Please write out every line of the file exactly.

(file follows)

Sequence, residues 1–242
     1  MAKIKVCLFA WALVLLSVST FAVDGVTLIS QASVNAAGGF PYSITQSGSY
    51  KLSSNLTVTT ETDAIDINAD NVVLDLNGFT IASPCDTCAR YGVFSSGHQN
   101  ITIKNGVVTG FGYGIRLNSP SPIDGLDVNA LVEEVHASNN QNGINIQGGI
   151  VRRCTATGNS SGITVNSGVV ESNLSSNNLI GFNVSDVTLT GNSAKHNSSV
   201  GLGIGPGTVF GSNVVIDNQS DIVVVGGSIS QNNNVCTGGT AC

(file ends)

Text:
Sequence, residues 1–242
     1  MAKIKVCLFA WALVLLSVST FAVDGVTLIS QASVNAAGGF PYSITQSGSY
    51  KLSSNLTVTT ETDAIDINAD NVVLDLNGFT IASPCDTCAR YGVFSSGHQN
   101  ITIKNGVVTG FGYGIRLNSP SPIDGLDVNA LVEEVHASNN QNGINIQGGI
   151  VRRCTATGNS SGITVNSGVV ESNLSSNNLI GFNVSDVTLT GNSAKHNSSV
   201  GLGIGPGTVF GSNVVIDNQS DIVVVGGSIS QNNNVCTGGT AC